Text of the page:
Also in 1977, we introduced a device unthinkable just a few years earlier.  Using 160 memory chips of 16kB each, we made the first "profanity delay" for broadcast use.  With a third of a megabyte of memory we could delay an audio signal long enough to stomp those nasty words into oblivion.

1979 - 512kilobytes

It wasn't long before HP came out with expanded boards for the 9845B and later the 9845C.  The machine maxed out at 1.5MB as I recall, with the largest memory card still at 512K.  But soon HP offered its next generation of computers, the 9826/9836 series.  These began life with 64K memory boards, which we quadruplicated as 256K "quarter pounders."

1980s - 1990s - Megabytes and More

As much fun as it will be for you to trace along with me the history of increasing memory sizes in each new HP computer, my personal memory is refusing to submit the precise details to my manipulative appendages, suggesting that maybe a quick summary would be more worthwhile.  The summary is:  At the beginning of the '80s, one could put together a computer with a megabyte of memory at ruinous cost.  By the end of the '80s, the cost was minimal, and many computers were beginning to have megabytes.  By the end of the '90s, a megabyte would buy you the ability to maybe boot your computer if you were still using an old operating system.  For anything newer you needed more.  A lot more.

2006 - The Common Gigabyte

And so we arrive at the present.  We all have PCs that only creep along with 256 megabytes of RAM.  We can buy the additional 256MB we should add with pocket change, but are too lazy to open the box.  And we are all awaiting the advent of Windows Vista, the first operating system that will demand a full gigabyte to expose all its features.  Which gigabyte will fit in the palm of your hand and cost not much more than a hundred dollars.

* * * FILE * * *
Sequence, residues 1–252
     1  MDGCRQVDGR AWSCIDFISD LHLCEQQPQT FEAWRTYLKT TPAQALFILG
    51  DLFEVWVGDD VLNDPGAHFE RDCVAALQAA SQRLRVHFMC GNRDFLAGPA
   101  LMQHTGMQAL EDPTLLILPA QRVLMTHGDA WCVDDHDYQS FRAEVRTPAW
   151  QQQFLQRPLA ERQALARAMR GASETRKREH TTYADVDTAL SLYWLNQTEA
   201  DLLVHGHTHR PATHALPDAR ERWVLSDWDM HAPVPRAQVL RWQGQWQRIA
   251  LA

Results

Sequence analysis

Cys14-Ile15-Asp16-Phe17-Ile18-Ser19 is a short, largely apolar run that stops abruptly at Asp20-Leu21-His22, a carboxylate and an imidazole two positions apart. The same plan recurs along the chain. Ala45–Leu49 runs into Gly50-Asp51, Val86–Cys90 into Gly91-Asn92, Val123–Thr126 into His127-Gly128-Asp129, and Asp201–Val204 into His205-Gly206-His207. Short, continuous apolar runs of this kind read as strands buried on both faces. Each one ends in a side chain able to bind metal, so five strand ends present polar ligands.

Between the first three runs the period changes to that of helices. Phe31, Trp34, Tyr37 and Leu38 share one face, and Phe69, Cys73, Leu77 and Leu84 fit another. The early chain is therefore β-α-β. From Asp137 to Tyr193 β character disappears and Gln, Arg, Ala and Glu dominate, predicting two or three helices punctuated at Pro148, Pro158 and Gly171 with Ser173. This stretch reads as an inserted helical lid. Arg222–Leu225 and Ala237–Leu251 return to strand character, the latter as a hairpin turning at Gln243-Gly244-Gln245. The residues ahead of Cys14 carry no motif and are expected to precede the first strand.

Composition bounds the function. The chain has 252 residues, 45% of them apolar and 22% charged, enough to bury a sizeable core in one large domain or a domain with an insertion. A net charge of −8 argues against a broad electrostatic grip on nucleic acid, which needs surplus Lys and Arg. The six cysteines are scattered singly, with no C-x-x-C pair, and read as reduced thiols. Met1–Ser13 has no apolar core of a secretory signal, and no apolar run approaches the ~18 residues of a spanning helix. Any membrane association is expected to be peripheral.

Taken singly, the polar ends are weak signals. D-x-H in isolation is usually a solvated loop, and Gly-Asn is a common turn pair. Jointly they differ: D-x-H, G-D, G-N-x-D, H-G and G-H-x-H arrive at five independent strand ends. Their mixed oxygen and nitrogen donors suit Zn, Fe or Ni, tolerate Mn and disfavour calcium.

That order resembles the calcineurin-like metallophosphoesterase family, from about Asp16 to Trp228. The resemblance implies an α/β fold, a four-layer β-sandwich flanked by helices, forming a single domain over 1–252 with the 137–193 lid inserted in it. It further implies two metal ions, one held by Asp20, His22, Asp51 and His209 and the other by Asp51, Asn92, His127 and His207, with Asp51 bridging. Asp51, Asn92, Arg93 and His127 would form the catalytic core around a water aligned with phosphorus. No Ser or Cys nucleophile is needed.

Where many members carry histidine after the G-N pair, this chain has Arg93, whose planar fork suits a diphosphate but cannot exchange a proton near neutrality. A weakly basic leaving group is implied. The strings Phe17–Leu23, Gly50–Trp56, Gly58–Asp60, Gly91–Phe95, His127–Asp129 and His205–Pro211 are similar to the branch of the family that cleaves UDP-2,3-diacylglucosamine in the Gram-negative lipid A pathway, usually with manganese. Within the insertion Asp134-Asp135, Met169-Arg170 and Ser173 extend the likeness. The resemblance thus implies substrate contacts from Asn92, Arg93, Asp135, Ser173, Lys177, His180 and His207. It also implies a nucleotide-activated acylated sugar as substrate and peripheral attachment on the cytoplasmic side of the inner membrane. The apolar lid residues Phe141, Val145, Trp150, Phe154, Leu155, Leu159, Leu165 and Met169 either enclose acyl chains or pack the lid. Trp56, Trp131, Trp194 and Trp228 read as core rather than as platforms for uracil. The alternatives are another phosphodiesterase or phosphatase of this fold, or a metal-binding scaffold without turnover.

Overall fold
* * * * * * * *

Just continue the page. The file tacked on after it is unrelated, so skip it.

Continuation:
Better than Bandwidth

Was that a breathtaking journey or what?  Do you know how much space a gigabyte of memory for my first computer would take?  I don't either:  Let's figure it out...

500 bytes per board, which was about 8" by 4" inches and 1/2" thick.  Let's say it weighed half a pound.  That's 16 cubic inches of volume.  Let's multiply that by 1 billion / 500, which is 2 million.  So:  A million pounds filling a cube of 20+ feet on a side.  Hmmm - that's about twice the density of water, which doesn't sound too far off.  I'll have to find an old memory board and confirm that it doesn't float.

Comparing this ratio - two million to one in the period of less than 40 years - to yesterday's bandwidth comparison, we see that, if anything, memory capacity has increased even faster.  Wonder if it means anything.  Maybe, maybe not.  I'm going to continue this series, maybe as soon as tomorrow, although I did just take a photograph of the fish tank.

2006
Richard Factor